A board certified physician in Internal Medicine & Geriatrics, Rabbi Dr. Glassman taught clinical geriatrics at both Harvard and Tufts Medical Schools in Boston. After yeshiva study at Shalom Rav in Tzfat, he served in the IDF medical corp as a lieutenant deep in the Negev desert. He served as the chief house physician in a continuous care retirement community in Israel, called "Ad 120," followed by a directorship in clinical diabetes research at Hadassah Ein Kerem University Medical Center in Jerusalem. While in Jerusalem, he trained as a certified mohel by Rabbi Yehuda Giat of Mercaz HaRav. After specializing in Geriatric Medicine at Harvard Medical School, he received rabbinical ordination from Rabbi Dovid Shochet of Toronto, under the auspices of Yeshivas Hilchos Olam, administered by Rabbi Nachman Wilhelm.
The cannabis plant, native to the Middle East, attracted Rabbi Dr. Glassman's attention as a vital tool in the medical armementarium when he discovered writings explicitly about cannabis in the Code of the Jewish Law, the Shulchan Aruch. There, Rabbi Yosef Karo specifically mentioned the use of cannabis wicks for use in candles of the Sabbath שׁבּת. The Sabbath שׁבּת, where one shuts off the smartphone, stops driving and connects to the Infinite in a deeper way, is a potent spiritual healing day itself. The fact that cannabis was mentioned as a possibility in initiating that day of spiritual healing piqued his curiosity in researching how the cannabis plant, rooted in the physical world, works at modulating disease on a multitude of levels, including that of the spiritual world. In Torah, all physicality has a source in spirituality. So too is the case with medicine and wellness.
According to his medical aphorisms, over 800 years ago, the great physician and rabbi, Maimonides (the Rambam) prescribed cannabis for upper respiratory infections and various inflammatory conditions of the ear. This should not surprise us, as he practiced in Egypt as the personal physician of the Sultan, where cannabis grew freely; additionally, he was up to date on the medicine of the day, including Greek, and perhaps even Chinese medicine, where cannabis is one of the 50 essential herbs.
Most importantly, however, the Rambam commented on the Talmud in his classic work, the Mishneh Torah, that one could not grow a vineyard in Israel immediately after one grew a cannabis field, to avoid mixing the two. This implies that growing cannabis fields was a common practice in agrarian Israel, and even an important part of Biblical law. The renowned commentator and former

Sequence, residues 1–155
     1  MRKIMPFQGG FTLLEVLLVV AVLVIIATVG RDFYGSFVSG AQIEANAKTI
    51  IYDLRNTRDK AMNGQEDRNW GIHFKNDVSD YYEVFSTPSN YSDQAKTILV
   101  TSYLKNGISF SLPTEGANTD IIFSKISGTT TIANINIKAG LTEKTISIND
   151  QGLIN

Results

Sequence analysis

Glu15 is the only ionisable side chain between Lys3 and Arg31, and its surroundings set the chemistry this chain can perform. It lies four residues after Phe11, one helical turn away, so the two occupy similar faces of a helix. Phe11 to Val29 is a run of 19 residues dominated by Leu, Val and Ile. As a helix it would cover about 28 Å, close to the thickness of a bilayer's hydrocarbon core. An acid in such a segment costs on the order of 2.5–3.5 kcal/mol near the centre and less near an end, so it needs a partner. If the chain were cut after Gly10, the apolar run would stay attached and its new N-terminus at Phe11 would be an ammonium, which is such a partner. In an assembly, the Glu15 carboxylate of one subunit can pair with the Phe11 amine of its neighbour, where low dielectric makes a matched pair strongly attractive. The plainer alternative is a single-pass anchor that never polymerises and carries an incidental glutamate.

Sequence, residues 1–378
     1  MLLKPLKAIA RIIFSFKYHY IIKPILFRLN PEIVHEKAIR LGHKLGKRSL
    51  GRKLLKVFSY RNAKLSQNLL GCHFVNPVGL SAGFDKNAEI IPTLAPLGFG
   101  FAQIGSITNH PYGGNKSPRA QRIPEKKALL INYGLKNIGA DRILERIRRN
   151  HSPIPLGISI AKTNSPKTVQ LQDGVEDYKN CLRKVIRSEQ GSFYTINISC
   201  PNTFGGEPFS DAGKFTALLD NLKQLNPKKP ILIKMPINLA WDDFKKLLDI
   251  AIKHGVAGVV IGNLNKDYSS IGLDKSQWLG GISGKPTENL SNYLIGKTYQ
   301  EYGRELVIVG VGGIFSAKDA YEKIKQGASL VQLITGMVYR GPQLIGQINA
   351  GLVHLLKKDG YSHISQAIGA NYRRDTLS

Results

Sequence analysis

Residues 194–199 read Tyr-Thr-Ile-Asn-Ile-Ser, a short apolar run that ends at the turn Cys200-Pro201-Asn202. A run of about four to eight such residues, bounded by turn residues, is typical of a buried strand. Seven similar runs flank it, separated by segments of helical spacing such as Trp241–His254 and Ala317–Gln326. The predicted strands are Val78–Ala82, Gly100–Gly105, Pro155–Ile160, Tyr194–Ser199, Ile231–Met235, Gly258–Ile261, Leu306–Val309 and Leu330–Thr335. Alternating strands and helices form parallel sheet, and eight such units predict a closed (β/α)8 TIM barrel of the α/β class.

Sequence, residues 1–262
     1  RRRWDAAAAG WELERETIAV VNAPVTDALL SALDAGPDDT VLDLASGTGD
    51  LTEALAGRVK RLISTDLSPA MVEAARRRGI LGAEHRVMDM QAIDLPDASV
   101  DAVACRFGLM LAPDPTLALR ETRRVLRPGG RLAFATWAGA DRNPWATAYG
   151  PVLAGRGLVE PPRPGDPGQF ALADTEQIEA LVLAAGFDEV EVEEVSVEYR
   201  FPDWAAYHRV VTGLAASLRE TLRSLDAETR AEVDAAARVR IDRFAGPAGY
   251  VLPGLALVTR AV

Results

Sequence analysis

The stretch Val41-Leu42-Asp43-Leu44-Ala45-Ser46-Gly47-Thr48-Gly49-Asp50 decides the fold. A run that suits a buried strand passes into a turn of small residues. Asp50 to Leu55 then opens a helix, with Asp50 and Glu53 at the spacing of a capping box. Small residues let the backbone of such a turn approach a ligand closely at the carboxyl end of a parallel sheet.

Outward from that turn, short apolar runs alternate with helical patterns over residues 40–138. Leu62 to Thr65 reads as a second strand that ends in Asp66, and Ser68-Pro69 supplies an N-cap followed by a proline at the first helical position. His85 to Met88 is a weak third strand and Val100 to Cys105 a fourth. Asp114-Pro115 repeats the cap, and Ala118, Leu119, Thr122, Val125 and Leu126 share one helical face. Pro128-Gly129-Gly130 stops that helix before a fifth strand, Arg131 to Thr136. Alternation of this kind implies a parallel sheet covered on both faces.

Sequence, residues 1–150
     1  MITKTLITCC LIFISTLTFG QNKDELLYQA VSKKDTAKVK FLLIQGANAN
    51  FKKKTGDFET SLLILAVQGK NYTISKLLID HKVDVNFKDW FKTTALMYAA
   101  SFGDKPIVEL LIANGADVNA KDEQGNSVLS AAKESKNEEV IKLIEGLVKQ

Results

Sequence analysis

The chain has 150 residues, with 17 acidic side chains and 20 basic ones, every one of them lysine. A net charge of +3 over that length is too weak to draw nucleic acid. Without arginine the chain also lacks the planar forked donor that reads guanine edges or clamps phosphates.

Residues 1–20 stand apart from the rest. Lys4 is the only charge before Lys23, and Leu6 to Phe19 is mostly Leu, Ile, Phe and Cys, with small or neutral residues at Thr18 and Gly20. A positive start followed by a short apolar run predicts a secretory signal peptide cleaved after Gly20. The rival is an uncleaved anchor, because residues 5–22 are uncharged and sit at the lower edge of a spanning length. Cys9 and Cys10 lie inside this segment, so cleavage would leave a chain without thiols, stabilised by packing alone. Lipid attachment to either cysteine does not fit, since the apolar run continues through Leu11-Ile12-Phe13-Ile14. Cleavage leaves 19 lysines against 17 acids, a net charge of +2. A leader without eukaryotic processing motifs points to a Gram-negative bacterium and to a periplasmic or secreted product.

Rabbi Dr. Glassman has appeared in several popular venues on the connection between cannabis and Torah (the Hebrew Bible), including the OU, Hidabroot, HaAretz, The Huffington Post, LA Weekly, Baltimore Jewish Times, Jewish Advocate, The Jewish Journal, Jewcy, and Forward Magazine. He has formally presented on the topic at Harvard and Tufts Medical Schools, Boston University for physicians and laymen alike, and at several public venues including on Martha's Vineyard, where he practiced both as a hospitalist and rabbi for several years. He continues to offer spiritual guidance to countless residents of Martha's Vineyard.
"If one's field is sown with cannabis..." Order of Seeds, Plant Mixtures Mishnah: Kilayim 2:5
"And also, the wick would be beautified when it would be made of cotton, flax or cannabis." Kitzur Shulchan Aruch 75:3 [Concise Code of Jewish Law]
"...like cannabis and arum, which are important for their functions." Sefer HaChinuch 542:2 [Book of Education]
"Cannabis, Rabbi Tarfon says, is not one of the forbidden plant mixtures." Jerusalem Talmud 27B:2
"...the leaves of cannabis make one happy, and one eats them raw..." Radvaz, commenting on Rambam
"Cannabis oil provides benefit for cold, earaches, heals chronic illnesses and dissolves obstructions." Rambam [Maimonides] Medical Aphorisms, 22:58